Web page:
New Baryshnikov YouTube Video: Legendary Solos

Photo: Vladimir Bliokh, Don Quixote, Moscow, 1968. I posted a video on YouTube with analysis of two legendary Mikhail Baryshnikov solos. First is the Basil Act II “drunk” solo from his American Ballet Theatre Don Quixote production from 1983 when he was 35 old. A great solo that shows off his great technique and comedic touches. Focus on the first step, which is a variant of a cabriole devant. I spent a lot of time analyzing that spectacular step with helpful guidance from dancer Jeremy Naismith. Also thrilling are two other segments: a double assemblé to a flowing arabesque and a double tour to arabesque turns.

Second is his Giselle Act II Albrecht solo from 1977, taped live at the Metropolitan Opera House. This is one of the finest examples of this solo that I have seen. Baryshnikov’s great technique and dramatic timing are on full display. This solo was stellar then and has remained a distinguished example of this work into the early 2000s. ABT provided one of the finest performances of this classic tragedy that I have seen, with fellow Soviet Union defector Natalia Makarova as Giselle. Another tragedy is that this outstanding work is only available on VHS tape. Can the copyright holder please make this important performance available in digital format rather than forcing ballet fans to watch the work on substandard VHS digital conversions?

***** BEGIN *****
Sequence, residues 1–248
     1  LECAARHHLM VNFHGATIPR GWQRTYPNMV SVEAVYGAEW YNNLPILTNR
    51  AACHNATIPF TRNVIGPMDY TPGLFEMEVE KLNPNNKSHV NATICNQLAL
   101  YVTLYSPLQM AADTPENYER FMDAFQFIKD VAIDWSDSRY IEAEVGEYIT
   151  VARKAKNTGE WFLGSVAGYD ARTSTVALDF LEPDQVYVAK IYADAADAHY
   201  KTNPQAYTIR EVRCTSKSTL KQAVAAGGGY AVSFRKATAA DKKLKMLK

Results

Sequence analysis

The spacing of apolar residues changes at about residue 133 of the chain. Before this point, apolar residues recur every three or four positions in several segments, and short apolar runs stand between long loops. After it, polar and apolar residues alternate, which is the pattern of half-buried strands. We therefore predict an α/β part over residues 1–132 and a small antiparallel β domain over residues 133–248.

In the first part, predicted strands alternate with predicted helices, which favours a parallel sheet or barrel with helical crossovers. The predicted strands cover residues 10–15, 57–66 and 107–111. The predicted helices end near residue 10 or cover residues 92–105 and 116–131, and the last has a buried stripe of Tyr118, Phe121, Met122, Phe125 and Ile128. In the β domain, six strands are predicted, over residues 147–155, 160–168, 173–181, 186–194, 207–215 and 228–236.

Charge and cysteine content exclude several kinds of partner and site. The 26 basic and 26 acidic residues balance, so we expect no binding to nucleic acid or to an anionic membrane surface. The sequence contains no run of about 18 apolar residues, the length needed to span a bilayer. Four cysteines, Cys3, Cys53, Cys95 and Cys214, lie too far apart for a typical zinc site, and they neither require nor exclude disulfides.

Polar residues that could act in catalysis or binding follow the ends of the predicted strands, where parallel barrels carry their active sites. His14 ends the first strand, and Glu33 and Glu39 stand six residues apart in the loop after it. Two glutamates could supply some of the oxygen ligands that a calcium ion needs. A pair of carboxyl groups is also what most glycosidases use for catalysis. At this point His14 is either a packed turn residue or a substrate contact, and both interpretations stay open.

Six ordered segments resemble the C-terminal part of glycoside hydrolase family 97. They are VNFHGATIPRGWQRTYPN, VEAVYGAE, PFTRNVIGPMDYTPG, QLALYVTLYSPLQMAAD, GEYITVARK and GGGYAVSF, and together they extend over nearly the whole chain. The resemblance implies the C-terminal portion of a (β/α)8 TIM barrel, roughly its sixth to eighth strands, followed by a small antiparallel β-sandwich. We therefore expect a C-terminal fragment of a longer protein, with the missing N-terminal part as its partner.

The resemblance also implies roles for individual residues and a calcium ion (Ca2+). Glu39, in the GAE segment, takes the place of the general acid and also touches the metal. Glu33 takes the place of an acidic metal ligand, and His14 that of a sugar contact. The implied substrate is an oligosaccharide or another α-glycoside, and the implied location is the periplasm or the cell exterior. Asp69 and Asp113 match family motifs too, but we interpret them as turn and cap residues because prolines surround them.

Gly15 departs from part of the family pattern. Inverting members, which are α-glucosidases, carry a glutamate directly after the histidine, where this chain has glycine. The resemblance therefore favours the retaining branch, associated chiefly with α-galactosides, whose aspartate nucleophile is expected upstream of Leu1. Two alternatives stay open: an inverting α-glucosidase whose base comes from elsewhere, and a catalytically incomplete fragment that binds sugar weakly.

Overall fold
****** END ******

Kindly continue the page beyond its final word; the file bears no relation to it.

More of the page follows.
Working on the project brought back many memories.  As a dancer at Ballet Midwest, a non-professional company in Kansas in the early 1980s, I never had the privilege of seeing Baryshnikov live. Instead, I relied on PBS performances on Betamax tapes my ballet teacher recorded. I watched the videos for hours, hoping that some of his brilliance would rub off. Back at the studio, I tried out his moves; this proved to be a fruitless endeavor, but I had fun trying. This experience gave me a greater appreciation of the difficulty of the steps and the art form generally.

Back then, I thought Baryshnikov was the greatest. Since my dancing days, I’ve seen hundreds of ballets from the world’s greatest dancers. Before starting a previous series of Baryshnikov YouTube videos, I wondered if his work would stand the test of time-how his dancing compares to current dancers. After watching hundreds of hours of Baryshnikov for this and the previous project, there is no question he would be a superstar today as he was in his day. His technique (pointed feet, turnout, stretched line, upper body carriage) was brilliant, with each movement having a purpose. His superb technique, combined with superior athleticism make him the greatest ever. Most star dancers of the 1960s and 1970s have seen their level of dancing surpassed by current dancers; not so with Baryshnikov. After all of these years, Baryshnikov is still the man. Next Steps

Original content is difficult to come by given that all New York City ballet performances have been canceled for the year. There are just a limited number of angles on Arts in the COVID ERA, as I have covered in April, May, and June. I will continue to work on videos on my favorite dancers and will also feature regular articles on ballet steps from my YouTube ballet video dictionary. I also have a dancer profile of Herman Cornejo that covers many aspects of his great dancing. Any ideas on ballet videos would be appreciated.